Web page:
I'm not brave, or strong, and though I've heard several times that I have a good attitude, that isn't really true either. On the other hand, I sometimes feel like it's a battle to survive. I could lose the battle to stay on my meds - I think of going off every single day. I could lose the battle to get out of bed, I don't want to, every single day. Eating well isn't always easy. Figuring out what essentials are not all that essential, in an attempt to avoid financial ruin is another. So for me, over time, battle is fitting - but I hated it when I was going through treatment, and I will hate it when I am again in active treatment or palliative care.

Nancy

Monday 10th of April 2017

Alison, You certainly make good points. For me, it's the extreme overuse of the war metaphors that drives me a little crazy. I realize they work for many people, but I'm weary of them.

Donna Peach

Sunday 22nd of July 2012

Labels are simply a lazy way for others to describe someone else. After all, there is no label that can describe an individual, and it is our individual characteristics that make us who we are, not a label that confines us to a description based on someone else's faulty perceptions. No one wants to be relegated to what a label does to us. With or without cancer we should be free to be who we are without the confinement of others' ignorant concoctions. Thanks for another excellent post. Love and hugs

Nancy

Monday 23rd of July 2012

Donna, Thanks so much for commenting. I think you summed things up in your brief comment better than I did in my entire post. Thank you. Love and hugs back.

Liz

Saturday 14th of July 2012

I am conflicted about the survivor label. Before I had cancer I thought "survivor" meant someone who "beat" cancer and is now living cancer free.

I have brain cancer. It is a type of cancer that will never go away. I am afraid if I use the term survivor to explain myself people will think I am all done with cancer and I am free and clear.

At the same time, it's a bummer always feeling like I need to remind people that while I am a "survivor," I still have cancer in my brain that will one day decide to continue growing so much that I will be racked with seizures and then be put back on treatment, go in for radiation, and have surgery. Again. For the third time.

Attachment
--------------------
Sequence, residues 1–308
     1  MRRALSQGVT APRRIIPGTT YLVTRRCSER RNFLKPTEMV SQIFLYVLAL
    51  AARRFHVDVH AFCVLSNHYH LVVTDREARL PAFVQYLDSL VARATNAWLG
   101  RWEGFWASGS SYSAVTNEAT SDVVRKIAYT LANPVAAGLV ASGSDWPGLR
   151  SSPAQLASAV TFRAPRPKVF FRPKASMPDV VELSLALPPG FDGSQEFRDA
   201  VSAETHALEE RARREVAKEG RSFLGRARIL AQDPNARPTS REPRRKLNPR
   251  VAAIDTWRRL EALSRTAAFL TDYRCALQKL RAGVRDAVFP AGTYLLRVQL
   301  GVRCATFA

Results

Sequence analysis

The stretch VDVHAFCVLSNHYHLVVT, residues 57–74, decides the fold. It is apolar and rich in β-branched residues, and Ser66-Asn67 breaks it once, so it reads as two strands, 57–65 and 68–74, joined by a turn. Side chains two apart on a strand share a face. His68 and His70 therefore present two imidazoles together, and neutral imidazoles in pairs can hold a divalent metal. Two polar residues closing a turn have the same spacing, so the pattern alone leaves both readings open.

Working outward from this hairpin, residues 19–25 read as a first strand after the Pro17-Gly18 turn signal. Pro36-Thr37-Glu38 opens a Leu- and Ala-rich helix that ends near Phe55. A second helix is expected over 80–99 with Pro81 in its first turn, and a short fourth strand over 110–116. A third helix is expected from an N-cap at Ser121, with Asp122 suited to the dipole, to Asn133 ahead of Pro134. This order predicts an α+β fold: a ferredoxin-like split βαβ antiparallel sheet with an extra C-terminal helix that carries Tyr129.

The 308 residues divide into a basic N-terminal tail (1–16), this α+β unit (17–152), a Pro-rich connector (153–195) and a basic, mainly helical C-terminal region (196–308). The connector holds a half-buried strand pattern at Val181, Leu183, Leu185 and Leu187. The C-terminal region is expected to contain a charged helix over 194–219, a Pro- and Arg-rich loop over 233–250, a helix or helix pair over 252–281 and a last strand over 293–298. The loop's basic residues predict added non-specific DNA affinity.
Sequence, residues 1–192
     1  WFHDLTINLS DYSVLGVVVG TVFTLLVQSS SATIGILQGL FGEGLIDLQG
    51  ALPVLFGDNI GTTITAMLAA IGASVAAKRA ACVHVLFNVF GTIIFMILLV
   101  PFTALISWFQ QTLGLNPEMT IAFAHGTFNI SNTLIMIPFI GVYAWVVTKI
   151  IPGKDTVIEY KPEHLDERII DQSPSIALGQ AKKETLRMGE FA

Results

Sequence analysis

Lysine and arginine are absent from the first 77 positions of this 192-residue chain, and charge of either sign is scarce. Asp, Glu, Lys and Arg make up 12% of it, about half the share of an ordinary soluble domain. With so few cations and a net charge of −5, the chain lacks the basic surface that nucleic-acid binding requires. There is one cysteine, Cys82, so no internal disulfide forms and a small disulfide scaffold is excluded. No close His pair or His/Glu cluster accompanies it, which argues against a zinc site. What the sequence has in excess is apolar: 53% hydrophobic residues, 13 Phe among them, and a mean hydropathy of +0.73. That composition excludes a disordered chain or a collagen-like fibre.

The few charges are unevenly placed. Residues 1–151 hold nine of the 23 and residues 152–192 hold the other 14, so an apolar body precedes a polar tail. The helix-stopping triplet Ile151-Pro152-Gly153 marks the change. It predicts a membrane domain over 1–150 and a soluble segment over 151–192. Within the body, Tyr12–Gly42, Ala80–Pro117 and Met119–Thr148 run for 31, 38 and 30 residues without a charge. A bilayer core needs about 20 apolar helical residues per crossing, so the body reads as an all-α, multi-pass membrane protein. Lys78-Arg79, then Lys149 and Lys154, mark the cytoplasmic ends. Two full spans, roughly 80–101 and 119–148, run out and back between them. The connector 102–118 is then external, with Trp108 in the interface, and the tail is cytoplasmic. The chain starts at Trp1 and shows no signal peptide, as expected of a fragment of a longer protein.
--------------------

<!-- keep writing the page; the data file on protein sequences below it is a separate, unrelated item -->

That really puts people off.

So I just say I am a survivor living with brain cancer.

Nancy

Saturday 14th of July 2012

Liz, I know what you mean about the conflicted feelings. We all have plenty of those. I'm sorry about your brain cancer and of course, you should call yourself what feels rights and works best for you. We all should. That's the whole point really isn't it? Thanks so much for sharing here. I really appreciate getting your perspective.

Jan Baird Hasak

Friday 13th of July 2012

Nancy, I agree completely that labels should be confined to soup cans. Somehow the "Big C" is made to feel less daunting if we say we battled it, whether we won or lost.

I'm bothered the most by the label "cancer victim." I still hear that from time to time, most recently in May at a local Cancer Center celebration of "survivors" where one of the hospital bigwigs used the term. I don't know if I was the only one cringing in the audience.

I've been wrongly labeled as loving gossip. It made me so mad that I stalked off, feeling betrayed because I had dared to share my feelings with this person that I shouldn't gossip so much. It didn't mean I loved it; it just meant I was struggling with it and had some guilt about it. Giving me that kind of label was verbal abuse, and only one example from this particular person.

Anyway, before I get on my soapbox, I just want to say how much I appreciate your posts and the discussion they always generate. Keep up the good work! xxx

Nancy

Saturday 14th of July 2012

Jan, Yes, cancer victim might just be the worst one. It's incredible that one's still being heard. I thought we had at least moved past that one. I'm sorry you were hurt by the 'loving gossip' label which seems incredibly bizarre knowing something about your character. People can be so off base sometimes. Thanks so much for always sharing so willingly and being part of the discussions, Jan.

Jean

Thursday 12th of July 2012

Thanks Nancy for calling out one of my biggest pet peeves about Cancerdom. To paraphrase Barbara Ehrenreich, what do you call someone whose cancer had been in remission, but then ended up metastasizing? Must they give up the label "cancer survivor" and begin referring to themself as a "cancer dyer?" This is why I avoid that term like the plague. I usually simply say that I was a cancer patient or that I was treated for cancer in the past. I also object to all the militaristic terminology attached to cancer treatment. At no point during my ordeal did I feel "brave" or that I was doing battle with an enemy. On the contrary, I found the entire experience an exercise in passivity, since my doctors were running the show and all I could do was dutifully show up on time to all my appointments, treatments, etc. As far as I'm concerned the only time I will ever truly feel that I survived cancer is if I end up dying of something else, at which point the entire topic will be moot anyway!

Nancy

Thursday 12th of July 2012

Jean, Thank you so much for bringing up Barbara Ehrenreich's work. I love her wit and candor. You make an excellent point about cancer treatment. I hadn't really thought about the passivity angle, although I guess I feel I was in partnership and involved at least to some degree in running "my show." Or maybe I'm kidding myself. Ha. Thank you so much for adding your words of wisdom on this topic. I appreciate your input.